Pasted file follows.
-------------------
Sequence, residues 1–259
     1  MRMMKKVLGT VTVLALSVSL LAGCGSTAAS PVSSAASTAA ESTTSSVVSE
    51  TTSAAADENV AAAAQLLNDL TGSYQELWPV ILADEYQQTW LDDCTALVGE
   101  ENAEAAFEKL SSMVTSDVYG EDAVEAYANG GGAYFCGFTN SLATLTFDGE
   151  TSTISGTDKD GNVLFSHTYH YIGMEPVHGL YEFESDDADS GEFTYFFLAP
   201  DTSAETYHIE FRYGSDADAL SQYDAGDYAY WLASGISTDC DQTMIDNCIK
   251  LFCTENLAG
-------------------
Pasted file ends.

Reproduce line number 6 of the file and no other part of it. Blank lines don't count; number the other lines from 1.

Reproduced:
   201  DTSAETYHIE FRYGSDADAL SQYDAGDYAY WLASGISTDC DQTMIDNCIK